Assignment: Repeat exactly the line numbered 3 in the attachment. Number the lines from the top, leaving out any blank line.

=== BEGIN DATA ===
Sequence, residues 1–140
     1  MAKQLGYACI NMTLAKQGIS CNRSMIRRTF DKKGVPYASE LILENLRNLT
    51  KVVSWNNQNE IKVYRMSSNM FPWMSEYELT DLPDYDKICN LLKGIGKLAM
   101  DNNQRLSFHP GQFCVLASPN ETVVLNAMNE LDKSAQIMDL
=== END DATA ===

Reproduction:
    51  KVVSWNNQNE IKVYRMSSNM FPWMSEYELT DLPDYDKICN LLKGIGKLAM